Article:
Social Security Checks Will Do Something This Month They Haven’t Done in 40 Years. Latest News
A phenomenon that hasn’t occurred in Social Security retirees for more than four decades is taking place in January of 2022. Everyone over the age of 65 who receives income from the well-known benefits programme will be affected by this change to their paychecks.
While it may appear to be a positive development at first glance, the reality is that Social Security is reaching a major milestone for the first time in decades, which is not beneficial to retirees. As of January 2022, the following changes will be made to retirement benefits.
A person is looking at a laptop and some financial documents.
This significant shift in benefits is unprecedented in recent history.
So, what is the significant change that is taking place in Social Security benefits this month that hasn’t happened in a long time? Benefit checks are increasing at a rate that is greater than 5.8 percent per year. Specific Social Security benefits will increase by 5.9 percent in 2022 when compared to the amount retirees received in 2021, according to the Social Security Administration.
It has been a very long time since there has been an increase in benefits that exceeds 5.8 percent. It was 1982 when the annual cost-of-living adjustment (COLA) was 7.4 percent, which was the last time seniors received a larger pay raise.
According to the data , the largest increase in benefits since that time was 5.8 percent, and that increase occurred in January of that year. Compared to previous decades, annual raises for retirees have been significantly lower, with retirees receiving no additional money in three out of the last thirteen years (see chart).
Isn’t it great to hear that the largest benefit increase in decades has occurred?
A Social Security increase that is more significant than any that retirees have seen in decades appears to be welcome news. Nevertheless, cost of living adjustments that result in benefit increases are not comparable to traditional merit-based raises that employers may award to their employees.
Instead, COLAs are calculated using a predetermined formula that is intended to help retirees maintain their purchasing power. When a comparison of the costs of goods and services shows that prices are increasing year over year, retirees are entitled to a cost-of-living adjustment.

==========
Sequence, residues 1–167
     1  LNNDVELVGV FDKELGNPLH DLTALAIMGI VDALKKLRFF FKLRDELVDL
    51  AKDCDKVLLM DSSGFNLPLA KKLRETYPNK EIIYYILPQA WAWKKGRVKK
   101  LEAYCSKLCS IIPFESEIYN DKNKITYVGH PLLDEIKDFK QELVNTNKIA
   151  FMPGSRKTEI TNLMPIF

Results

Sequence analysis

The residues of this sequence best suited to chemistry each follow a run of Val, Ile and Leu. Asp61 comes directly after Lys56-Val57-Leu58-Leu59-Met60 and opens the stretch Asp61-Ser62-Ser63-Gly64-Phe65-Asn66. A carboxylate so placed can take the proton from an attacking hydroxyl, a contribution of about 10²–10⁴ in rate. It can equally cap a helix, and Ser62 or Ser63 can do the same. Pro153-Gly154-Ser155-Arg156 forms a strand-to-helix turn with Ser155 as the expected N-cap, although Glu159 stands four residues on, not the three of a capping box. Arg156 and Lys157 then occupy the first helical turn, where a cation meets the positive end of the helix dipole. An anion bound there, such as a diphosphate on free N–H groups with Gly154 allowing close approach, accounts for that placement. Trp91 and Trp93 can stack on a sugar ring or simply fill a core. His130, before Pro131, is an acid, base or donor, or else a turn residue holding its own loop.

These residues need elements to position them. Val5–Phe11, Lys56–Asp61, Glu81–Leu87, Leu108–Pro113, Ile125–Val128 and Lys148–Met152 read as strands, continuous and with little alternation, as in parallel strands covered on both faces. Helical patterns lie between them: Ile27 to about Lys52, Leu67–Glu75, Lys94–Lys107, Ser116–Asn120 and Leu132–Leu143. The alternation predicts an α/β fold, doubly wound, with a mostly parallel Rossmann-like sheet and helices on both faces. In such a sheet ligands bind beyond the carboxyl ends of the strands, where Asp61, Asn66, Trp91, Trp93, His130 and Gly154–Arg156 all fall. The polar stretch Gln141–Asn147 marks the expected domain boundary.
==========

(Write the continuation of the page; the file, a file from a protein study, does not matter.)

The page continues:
The only reason retirees are receiving such a significant benefit increase is because inflation is on the rise, according to recent data. In addition, inflation is detrimental to retirees.
When prices rise, seniors’ purchasing power decreases as a result of their savings not being able to stretch as far. Savings, along with Social Security, is one of the two most important sources of income for elderly Americans.
If you’re retired and taking a set amount of money out of your retirement account each month, and that money doesn’t buy as much as it did in the past, you’ll find yourself in a worse financial situation.
The large Social Security increase may give the impression that it is helping to offset the damage that inflation is doing to the value of retirees’ savings. After all, they’ll be receiving larger pension payments in retirement.
The only problem with that is that a COLA will only be able to help a retiree keep up with cost increases to a certain extent. Because the COLA calculation is based on changes in the consumer price index, it should not have an impact on purchasing power.
That is, of course, the best-case scenario. If inflation rises faster than the cost-of-living adjustment (COLA) because the consumer price index used to measure rising prices does not accurately reflect senior spending, even a large raise may not be enough to keep up with rising costs.
If inflation soars after the annual COLA is calculated, the increase will be insufficient to allow retirees to cope with the increased cost of living expenses.
The likelihood that both of these events will take place in 2022 is high, according to the evidence. As a result, even after the largest increase in Social Security benefits in four decades is applied to those benefits, those benefits will not be as generous.
Consumer price indexes have revealed that inflation is higher than it has been in decades, giving retirees good reason to be concerned about their financial security. While they may be delighted to see a significant increase in their Social Security benefits, they may still find themselves needing to tighten their belts, despite the fact that they will be receiving more money.
Most retirees are completely unaware of the $17,166 Social Security bonus they are entitled to.
When it comes to retirement savings, if you’re like the majority of Americans, you’re a few years (or more) behind. However, a few little-known “Social Security secrets” may be able to assist you in ensuring a boost in your retirement income.
Example: one simple trick could net you an extra $17,166 per year if you do it consistently enough. We believe that if you learn how to maximize your Social Security benefits, you will be able to retire confidently and with the peace of mind that we all seek.